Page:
Figure 2. Short wavelength UV lights are often used to prevent microbial growth on work surfaces in tissue culture hoods, like this one.

In this project, you will determine how much UV light exposure is needed to kill bacteria in culture plates.

Terms and Concepts

To do this project, you should do research that enables you to understand the following terms and concepts:

  • ultraviolet (UV) light,
  • UVA,
  • UVB,
  • UVC,
  • DNA structure,
  • pyrimidine,
  • DNA replication.

Questions

  • What are the differences between UVA, UVB, and UVC radiation?
  • How does UV light damage DNA molecules?

Bibliography

This article discusses the chemical mechanism by which ultraviolet light causes damage to DNA molecules:

These Wikipedia articles discuss ultraviolet light and its use as a germicide:

Read and follow the UV safety precautions on this website:

Materials and Equipment

Note: If you are carrying out this experiment in a school laboratory, which is recommended, some of the materials and equipment listed may be more readily accessible.

These items can be purchased from Carolina Biological Supply Company, a Science Buddies Approved Supplier:

  • Nutrient agar plates (15)
    •  3 plates per UV light exposure duration ×
    •  5 exposure durations =
    • 15 plates total;
  • Glass spreader
  • Live E. coli, strain K-12
  • Safety glasses that offer UV eye protection. This is optional if you are using a face shield.

You will also need to gather these items:

  • Disposable gloves. Can be purchased at a local drug store or pharmacy, or through an online supplier like Carolina Biological Supply Company. If you are allergic to latex, use vinyl or polyethylene gloves.
  • 200 μL automatic pipettor with sterile tips
  • Bunsen burner
  • 70% ethanol
  • Aluminum foil
  • Lab coat. Can be purchased at scientific supply companies, or through an online supplier like Carolina Biological Supply Company. Alternatively, old, long-sleeved protective clothing may be used instead.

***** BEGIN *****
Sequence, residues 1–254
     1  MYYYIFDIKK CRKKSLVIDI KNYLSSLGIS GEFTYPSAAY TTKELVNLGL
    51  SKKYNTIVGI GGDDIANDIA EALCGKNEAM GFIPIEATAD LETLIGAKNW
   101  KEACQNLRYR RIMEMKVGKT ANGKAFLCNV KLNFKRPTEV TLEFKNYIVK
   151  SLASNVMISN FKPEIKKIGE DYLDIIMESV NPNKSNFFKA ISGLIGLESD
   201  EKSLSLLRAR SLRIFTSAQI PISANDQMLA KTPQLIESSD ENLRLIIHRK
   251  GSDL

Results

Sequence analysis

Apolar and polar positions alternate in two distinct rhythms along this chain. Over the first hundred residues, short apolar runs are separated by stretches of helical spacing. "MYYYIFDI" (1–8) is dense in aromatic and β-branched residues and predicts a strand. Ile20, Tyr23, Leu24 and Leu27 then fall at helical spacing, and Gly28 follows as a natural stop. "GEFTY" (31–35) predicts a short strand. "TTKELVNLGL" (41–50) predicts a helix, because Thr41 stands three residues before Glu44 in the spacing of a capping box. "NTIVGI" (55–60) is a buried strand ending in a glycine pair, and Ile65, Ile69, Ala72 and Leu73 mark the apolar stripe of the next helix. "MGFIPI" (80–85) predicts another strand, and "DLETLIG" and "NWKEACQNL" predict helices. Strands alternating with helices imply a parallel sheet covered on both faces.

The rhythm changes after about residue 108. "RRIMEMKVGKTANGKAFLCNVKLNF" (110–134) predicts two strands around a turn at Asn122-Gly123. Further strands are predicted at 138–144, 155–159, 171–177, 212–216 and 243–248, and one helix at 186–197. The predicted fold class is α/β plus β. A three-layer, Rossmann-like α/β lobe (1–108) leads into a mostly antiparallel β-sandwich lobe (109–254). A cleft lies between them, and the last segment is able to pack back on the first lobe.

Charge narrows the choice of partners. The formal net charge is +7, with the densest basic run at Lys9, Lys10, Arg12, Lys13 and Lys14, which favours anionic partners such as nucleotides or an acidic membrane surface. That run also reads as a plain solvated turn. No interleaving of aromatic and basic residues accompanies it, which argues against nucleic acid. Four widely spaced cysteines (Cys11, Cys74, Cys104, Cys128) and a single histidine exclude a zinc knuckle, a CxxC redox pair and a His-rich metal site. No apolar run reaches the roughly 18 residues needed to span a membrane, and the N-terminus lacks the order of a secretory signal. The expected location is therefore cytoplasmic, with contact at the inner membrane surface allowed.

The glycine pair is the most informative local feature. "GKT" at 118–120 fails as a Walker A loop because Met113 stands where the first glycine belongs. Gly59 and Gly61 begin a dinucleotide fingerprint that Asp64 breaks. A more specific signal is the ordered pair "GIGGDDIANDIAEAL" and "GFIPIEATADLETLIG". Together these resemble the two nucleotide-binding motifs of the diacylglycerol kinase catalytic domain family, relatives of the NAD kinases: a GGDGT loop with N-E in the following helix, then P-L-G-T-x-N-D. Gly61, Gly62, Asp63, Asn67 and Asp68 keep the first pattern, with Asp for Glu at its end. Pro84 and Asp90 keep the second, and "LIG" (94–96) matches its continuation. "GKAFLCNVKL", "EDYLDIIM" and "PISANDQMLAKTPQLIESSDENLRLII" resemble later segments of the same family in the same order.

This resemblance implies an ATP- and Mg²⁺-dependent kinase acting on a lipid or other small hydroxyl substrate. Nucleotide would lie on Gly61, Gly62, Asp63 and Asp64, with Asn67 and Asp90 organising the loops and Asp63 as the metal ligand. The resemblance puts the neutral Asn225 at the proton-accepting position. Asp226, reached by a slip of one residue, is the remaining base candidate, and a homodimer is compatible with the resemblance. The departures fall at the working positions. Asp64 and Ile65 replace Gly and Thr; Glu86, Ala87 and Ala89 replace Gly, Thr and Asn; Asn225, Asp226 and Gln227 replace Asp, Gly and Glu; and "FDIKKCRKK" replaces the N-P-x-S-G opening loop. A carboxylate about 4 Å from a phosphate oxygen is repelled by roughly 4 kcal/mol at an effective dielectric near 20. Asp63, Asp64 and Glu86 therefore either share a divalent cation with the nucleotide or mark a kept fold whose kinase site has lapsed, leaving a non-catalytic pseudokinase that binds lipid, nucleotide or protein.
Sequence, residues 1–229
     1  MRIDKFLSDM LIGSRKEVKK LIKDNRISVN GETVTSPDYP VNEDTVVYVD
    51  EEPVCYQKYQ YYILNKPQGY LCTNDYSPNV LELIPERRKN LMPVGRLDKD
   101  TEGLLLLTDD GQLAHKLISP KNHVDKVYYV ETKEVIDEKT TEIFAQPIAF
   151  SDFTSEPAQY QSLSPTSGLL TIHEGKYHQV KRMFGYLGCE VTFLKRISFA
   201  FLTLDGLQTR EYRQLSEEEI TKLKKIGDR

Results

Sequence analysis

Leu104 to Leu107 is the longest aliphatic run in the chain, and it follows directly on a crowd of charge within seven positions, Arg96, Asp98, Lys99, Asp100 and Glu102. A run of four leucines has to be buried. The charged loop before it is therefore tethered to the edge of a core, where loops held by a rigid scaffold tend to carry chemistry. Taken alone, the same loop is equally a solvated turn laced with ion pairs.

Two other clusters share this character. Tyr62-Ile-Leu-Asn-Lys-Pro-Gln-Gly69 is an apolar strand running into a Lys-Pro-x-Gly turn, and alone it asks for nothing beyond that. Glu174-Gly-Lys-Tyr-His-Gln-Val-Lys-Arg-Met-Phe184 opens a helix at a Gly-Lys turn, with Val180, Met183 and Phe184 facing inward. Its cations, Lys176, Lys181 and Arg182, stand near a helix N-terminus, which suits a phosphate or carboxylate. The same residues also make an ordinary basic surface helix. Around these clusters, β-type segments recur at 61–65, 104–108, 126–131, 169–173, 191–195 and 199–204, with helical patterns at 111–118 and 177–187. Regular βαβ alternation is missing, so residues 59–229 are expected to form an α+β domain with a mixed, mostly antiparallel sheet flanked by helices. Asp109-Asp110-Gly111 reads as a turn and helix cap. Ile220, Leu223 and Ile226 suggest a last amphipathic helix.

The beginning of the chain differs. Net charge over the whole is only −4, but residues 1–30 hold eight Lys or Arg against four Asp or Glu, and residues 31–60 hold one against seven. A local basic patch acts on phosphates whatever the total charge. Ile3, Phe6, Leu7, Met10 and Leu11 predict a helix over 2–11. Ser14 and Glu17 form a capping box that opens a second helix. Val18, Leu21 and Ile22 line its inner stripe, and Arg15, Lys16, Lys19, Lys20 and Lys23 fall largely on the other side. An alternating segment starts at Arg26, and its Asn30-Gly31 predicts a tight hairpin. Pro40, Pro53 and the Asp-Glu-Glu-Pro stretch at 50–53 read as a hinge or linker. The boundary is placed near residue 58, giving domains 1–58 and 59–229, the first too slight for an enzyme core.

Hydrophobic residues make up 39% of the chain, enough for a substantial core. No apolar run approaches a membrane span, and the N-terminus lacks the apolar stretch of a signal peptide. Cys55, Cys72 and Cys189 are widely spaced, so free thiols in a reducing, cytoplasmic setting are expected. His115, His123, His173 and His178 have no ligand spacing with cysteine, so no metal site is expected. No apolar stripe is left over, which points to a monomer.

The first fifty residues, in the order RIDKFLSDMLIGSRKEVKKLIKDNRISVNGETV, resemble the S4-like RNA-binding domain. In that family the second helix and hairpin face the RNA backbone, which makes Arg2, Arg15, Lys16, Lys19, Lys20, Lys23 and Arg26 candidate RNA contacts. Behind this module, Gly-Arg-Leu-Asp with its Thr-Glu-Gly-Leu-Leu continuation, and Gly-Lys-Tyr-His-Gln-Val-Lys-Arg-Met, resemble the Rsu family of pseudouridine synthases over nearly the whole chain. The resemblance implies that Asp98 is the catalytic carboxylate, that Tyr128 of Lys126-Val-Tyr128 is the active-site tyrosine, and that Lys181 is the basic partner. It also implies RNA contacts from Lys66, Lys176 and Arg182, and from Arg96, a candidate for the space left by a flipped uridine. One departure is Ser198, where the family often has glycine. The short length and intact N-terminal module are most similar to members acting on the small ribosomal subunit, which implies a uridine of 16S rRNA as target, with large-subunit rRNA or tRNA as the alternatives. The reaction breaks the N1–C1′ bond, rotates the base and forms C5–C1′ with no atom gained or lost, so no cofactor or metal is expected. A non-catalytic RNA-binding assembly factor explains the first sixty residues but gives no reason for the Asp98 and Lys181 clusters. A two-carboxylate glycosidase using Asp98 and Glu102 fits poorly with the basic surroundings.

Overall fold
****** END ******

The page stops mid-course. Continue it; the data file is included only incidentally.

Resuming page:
• UV-blocking face shield
  • Short wavelength UV light. These are often called germicidal UV-C lights.
  • Timer or clock that shows seconds
  • Permanent marker
  • 37°C incubator for bacterial culture plates
  • Lab notebook

Disclaimer: Science Buddies occasionally provides information (such as part numbers, supplier names, and supplier weblinks) to assist our users in locating specialty items for individual projects. The information is provided solely as a convenience to our users. We do our best to make sure that part numbers and descriptions are accurate when first listed. However, since part numbers do change as items are obsoleted or improved, please send us an email if you run across any parts that are no longer available. We also do our best to make sure that any listed supplier provides prompt, courteous service. Science Buddies does participate in affiliate programs with Amazon.comsciencebuddies, Carolina Biological, and AquaPhoenix Education. Proceeds from the affiliate programs help support Science Buddies, a 501( c ) 3 public charity. If you have any comments (positive or negative) related to purchases you've made for science fair projects from recommendations on our site, please let us know. Write to us at scibuddy@sciencebuddies.org.

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Experimental Procedure

Working with Biological Agents